Alright so thanks for taking the time out to do this interview, can you give us a brief introduction to who you are, what your history is in the graffiti game and what crew do you rep? Where did the name Lost come from?
Honored by the request! I write LOST from the SF Bay Area. I first noticed graffiti back in 1993 on trips between Daly City and Chinatown. Unbeknownst to me, it was one of the best places and eras to grow up in the evolution of aerosol art. Graffiti was ubiquitous in the city and already caught my eye before I was a teen. I would sneak away from the family to take pictures with my Kodak 110 film camera. I loved getting lost and finding fresh burners in forgotten places, and back then San Francisco had a lot of them.
In 1996, NOCK•ADP(rip) moved to my high school from the city (SF). He taught me how to rack paint and find caps from random cleaners. We would steal his mom’s car, grab 40’s of shit beer, and hit high-profile spots on freeways, city streets, and outsides of transit.
Around 1999, I linked up with JAPAN•DE•FGS when he moved up from Southern California. Up until then, I had probably painted 2 pieces before we started painting freights together. I was hooked immediately in this niche of graff. It was a golden era for painting boxcars, seeing the tail end of Solid Colds and having more open panels than painted ones. I stayed active, painting at least a hundred boxcars a year until I had my first kid.
“Sidename” was just a random username I tried on instagram cause I couldn’t think of anything better.
One of my favorite pieces of yours was the “Style Man #1: Lost Variant Cover” You mentioned being a comic book and Todd Mcfarlane fan growing up, how did comics influence you? Did you ever consider going into comics?
Thank you! Trucks are one of my favorite canvases. Not only do they move around, but they’re the perfect size for one-man productions.
I haven’t really thought much about how comics have influenced my aerosol work. I was into collecting before I noticed graff, at a time where comic book artists started to get pushed into the limelight. I was a huge fan of artists like Rob Liefeld, Jim Lee, Todd Mcfarlane, Eastman and Laird, etc. There was a transition in the comic book industry to put more detail into pages that really captivated me as a kid, in hindsight that level of visual fidelity influences me till today.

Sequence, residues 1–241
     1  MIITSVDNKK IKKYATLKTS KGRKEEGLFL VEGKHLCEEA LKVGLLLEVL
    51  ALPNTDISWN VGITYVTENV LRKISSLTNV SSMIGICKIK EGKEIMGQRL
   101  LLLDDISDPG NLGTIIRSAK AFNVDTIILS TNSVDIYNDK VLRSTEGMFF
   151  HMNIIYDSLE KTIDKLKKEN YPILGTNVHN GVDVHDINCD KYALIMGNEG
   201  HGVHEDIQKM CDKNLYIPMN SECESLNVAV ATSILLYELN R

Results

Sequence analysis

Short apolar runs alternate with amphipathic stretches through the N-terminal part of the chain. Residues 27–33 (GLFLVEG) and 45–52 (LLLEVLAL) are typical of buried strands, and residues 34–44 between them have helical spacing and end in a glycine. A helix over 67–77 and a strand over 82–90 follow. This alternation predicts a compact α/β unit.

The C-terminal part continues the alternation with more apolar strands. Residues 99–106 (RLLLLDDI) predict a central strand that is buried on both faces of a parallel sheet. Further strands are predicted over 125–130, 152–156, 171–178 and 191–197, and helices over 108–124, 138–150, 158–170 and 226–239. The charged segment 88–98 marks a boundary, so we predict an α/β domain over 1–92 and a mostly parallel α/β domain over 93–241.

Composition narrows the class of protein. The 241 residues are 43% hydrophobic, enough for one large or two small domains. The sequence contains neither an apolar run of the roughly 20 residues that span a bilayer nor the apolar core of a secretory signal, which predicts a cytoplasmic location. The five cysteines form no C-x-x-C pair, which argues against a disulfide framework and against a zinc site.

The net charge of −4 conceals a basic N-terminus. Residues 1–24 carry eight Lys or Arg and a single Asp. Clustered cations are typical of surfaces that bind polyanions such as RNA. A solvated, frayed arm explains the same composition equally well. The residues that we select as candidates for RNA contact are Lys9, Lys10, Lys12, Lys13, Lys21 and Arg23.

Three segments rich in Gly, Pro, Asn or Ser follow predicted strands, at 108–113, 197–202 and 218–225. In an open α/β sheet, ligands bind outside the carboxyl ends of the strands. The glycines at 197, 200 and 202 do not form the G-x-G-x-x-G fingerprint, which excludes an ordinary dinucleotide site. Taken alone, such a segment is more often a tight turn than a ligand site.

I’ve never considered doing comics. I don’t really see myself as an “artist” in any traditional sense. That truck is along the lines of what I love to paint, concepts and styles fully integrated into one. I love the push and pull of the two because it often forces me out of my comfort zones. Sometimes I’ll sit on concepts for a while, iterating on them till they feel right.
You do a lot of stuff that involves painting on someones van or something along those lines, I’m just curious is this apart of your business? Do you do this full time or just for the kicks?
It’s all for fun. I do take on paid gigs from time to time but am not actively marketing myself for that. The types of things that get me hype to paint aren’t usually the types of things people want to pay for.
What is your favorite documentary or book that covers the history or major players of graffiti and why?
Good question! I can go on for hours about graffiti books and videos (and magazines). It’d be hard to pick a favorite, and even harder to find something that includes the major innovators of the craft. The evolution of aerosol art has many branches and has touched many countries, so when it comes to history I feel we can only really speak on our personal evolution and influences.
Subway Art & Spraycan Art are major influences to me. Back in the day, these two were usually the only books on graffiti at popular bookstores (although not the first graffiti publication). They were a pandora’s box that set ripples of influence across the world. Spraycan Art showed me that Bay Area writers could get known on an international level.